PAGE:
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U. S. Supreme Court Rules State Public Accommodations Laws Do Not Control Over First Amendment Speech Rights

July 5, 2023

By Nik Soukonnikov & Heather J. Van Meter

The U.S. Supreme Court, in a 6-3 ruling in 303 Creative LLC v. Elenis, held that a business owner’s Free Speech rights enshrined in the First Amendment to the U.S. Constitution prevail over a state public accommodation law that prohibits certain types of discrimination by business owners. 

Lorie Smith is the sole owner and proprietor of a website and graphic design business in Colorado, 303 Creative LLC. Colorado’s public accommodations law prohibits businesses open to the public from discriminating against certain protected persons and groups, including same-sex couples. Smith wished to expand her website and graphic design business to include creating wedding websites. Based on her Christian belief that marriage is between one man and one woman, she did not want to create wedding websites for same-sex couples. Concerned that this would be a violation of the Colorado public accommodations law, she filed a lawsuit seeking an injunction to prevent the state from forcing her to create websites celebrating marriage that defy her beliefs about marriage.

After years of litigation, the U.S. Supreme Court found that Smith could not be forced to create wedding websites celebrating the marriages of same-sex couples would violate her Free Speech rights guaranteed in the First Amendment of the U.S. Constitution. Reasoning that the state’s goal in doing so was to “excise certain ideas or viewpoints from the public dialogue,” the Court found that “Colorado’s ‘very purpose’ in applying the law” to Smith was to coercively eliminate “dissenting ‘ideas’ about marriage.” The Court held such restriction to be unconstitutional.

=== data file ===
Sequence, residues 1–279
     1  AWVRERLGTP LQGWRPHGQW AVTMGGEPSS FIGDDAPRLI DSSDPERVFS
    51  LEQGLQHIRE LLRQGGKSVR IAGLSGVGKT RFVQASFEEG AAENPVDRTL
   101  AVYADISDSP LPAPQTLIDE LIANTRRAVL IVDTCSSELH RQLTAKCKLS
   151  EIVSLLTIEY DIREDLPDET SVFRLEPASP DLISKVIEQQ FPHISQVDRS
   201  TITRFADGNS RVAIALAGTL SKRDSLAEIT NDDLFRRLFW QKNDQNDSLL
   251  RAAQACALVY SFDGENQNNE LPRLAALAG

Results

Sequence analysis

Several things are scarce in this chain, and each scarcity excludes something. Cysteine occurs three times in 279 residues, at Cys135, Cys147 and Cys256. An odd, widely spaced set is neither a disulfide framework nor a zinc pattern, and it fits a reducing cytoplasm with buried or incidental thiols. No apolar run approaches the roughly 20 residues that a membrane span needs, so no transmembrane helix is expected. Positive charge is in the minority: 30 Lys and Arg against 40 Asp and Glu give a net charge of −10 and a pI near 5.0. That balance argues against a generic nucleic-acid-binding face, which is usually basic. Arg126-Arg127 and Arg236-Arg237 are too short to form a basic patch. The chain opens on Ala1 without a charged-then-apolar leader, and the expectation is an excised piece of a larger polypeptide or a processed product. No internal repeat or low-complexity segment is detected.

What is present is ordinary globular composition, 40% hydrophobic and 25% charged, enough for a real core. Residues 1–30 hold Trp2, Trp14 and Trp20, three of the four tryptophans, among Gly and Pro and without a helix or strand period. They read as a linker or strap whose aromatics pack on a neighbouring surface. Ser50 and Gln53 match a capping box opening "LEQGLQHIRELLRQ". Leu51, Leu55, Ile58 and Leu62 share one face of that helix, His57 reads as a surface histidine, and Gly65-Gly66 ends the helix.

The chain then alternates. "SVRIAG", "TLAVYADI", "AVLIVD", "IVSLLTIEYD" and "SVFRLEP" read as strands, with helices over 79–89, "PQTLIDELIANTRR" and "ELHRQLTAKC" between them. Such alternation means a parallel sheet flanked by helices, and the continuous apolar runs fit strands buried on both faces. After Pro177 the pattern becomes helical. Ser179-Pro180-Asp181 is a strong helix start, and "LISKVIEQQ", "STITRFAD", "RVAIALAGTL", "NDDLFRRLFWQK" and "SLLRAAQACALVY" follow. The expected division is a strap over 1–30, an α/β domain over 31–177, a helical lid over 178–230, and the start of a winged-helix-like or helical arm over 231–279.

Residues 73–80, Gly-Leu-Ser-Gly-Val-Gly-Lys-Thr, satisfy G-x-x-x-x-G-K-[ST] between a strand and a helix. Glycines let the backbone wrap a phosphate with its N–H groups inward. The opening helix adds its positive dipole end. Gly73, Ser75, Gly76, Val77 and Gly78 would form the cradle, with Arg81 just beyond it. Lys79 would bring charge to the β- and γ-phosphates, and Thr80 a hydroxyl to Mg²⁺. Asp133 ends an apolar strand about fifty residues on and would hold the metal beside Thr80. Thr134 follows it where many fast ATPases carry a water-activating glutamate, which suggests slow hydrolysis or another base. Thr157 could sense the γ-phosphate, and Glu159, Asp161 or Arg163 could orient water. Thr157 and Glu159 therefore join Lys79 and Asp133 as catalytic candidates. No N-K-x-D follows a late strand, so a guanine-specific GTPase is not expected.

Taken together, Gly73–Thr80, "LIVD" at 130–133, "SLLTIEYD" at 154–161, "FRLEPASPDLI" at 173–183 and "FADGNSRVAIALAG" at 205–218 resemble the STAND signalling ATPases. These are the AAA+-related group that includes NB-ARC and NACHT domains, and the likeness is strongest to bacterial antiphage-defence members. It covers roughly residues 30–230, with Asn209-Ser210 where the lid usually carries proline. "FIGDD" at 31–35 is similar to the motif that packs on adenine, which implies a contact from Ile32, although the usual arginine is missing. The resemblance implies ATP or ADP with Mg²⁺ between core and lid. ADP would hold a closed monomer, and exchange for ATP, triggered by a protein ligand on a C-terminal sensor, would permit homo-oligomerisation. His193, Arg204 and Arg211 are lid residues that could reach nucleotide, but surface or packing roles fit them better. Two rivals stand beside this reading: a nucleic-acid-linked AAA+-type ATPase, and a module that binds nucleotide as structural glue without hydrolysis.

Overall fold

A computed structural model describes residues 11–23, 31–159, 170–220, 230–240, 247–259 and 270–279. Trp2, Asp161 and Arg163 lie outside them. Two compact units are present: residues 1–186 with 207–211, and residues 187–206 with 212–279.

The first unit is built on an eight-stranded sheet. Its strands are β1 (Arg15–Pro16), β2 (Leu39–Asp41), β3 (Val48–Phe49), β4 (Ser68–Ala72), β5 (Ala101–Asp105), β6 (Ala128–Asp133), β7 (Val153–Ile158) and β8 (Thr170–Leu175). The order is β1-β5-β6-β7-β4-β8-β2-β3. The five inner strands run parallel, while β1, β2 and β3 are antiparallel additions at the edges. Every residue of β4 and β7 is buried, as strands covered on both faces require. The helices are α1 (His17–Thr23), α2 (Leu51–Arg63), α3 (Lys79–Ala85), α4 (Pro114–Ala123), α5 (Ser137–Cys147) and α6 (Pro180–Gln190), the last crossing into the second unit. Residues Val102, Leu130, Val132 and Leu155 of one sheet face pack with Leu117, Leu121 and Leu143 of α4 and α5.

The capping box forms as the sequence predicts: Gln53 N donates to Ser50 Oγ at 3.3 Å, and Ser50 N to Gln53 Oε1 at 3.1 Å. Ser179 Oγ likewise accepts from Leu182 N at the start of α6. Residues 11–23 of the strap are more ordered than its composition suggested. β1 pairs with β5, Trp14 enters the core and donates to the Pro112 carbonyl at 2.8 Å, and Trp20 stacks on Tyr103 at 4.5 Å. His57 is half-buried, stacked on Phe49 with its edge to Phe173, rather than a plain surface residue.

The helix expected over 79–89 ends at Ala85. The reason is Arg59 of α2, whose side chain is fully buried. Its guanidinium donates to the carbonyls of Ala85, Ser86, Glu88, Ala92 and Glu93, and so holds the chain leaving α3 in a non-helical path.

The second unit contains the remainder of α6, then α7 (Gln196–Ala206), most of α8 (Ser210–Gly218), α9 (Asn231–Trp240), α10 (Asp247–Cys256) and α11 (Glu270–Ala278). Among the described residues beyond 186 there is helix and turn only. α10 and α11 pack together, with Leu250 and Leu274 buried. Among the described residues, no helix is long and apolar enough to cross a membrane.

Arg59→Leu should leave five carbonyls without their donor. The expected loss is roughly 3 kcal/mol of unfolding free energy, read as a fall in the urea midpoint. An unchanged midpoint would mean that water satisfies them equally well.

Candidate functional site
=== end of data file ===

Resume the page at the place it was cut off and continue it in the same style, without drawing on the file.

The conclusion of the Court that government may not compel pure speech was significantly bolstered by the stipulations in this case, which turned out to be determinative to the outcome. Specifically, the parties stipulated that websites created by Smith would be “pure speech,” subjecting any government restrictions on Smith’s creation of them to strict scrutiny. They also agreed that Smith was willing to provide her services to anyone, regardless of their gender or sexual orientation, and that she refused to create websites with speech she disagreed with, regardless of who requested their creation. Finally, the parties stipulated that websites created by Smith’s company would be expressing her speech and the speech of her company.

The Court rejected the idea that someone who “speaks for pay” like Smith must “accept all commissions on the same topic – no matter the underlying message.” The Court cautioned that public accommodations statutes may “sweep too broadly when deployed to compel speech.”

Thus, the Court did not reach the question of how or whether the Colorado statute in question would apply in situations where what is being sold to the public is a mixed product of speech and ordinary commercial goods, and it explicitly did not consider the case of a refusal to provide generally-available (as opposed to uniquely created) goods to same-sex couples.

What appears clear from the decision is that a person who “speaks for pay” and provides their service to customers without regard to those customers’ membership in a particular protected class may refuse to speak for pay on a topic with which that person disagrees, even if that topic implicates the customers’ membership in a particular protected classification. Because this case dealt with a sole proprietorship, it does not appear to deal with questions of employee speech and is, therefore, likely to be of limited applicability to businesses as employers.

Oregon and Washington have similar public accommodations laws and will be bound by this Court decision.

Notably, this is a free speech case.  This ruling, while protecting business owners’ speech rights, does not extend to all businesses. The Court’s ruling likely extends to businesses involving speech, such as public relations, creative media (print, web, film, music, radio), artists, apparel makers, outdoor advertising companies, and other businesses that involve “expressive activity.”  This ruling likely does not extend to businesses performing non-speech activities, such as food and beverage companies, landlords, manufacturers of non-messaged goods, banking and finance, healthcare providers (with some possible exceptions), and others.  Educational institutions and some healthcare providers of gender-specific services may be in a gray area following this ruling, and Bullard Law can advise as needed. 

The content of this Alert is provided for general information purposes only. It should not be considered legal advice or used as a substitute for consulting an attorney for legal advice.


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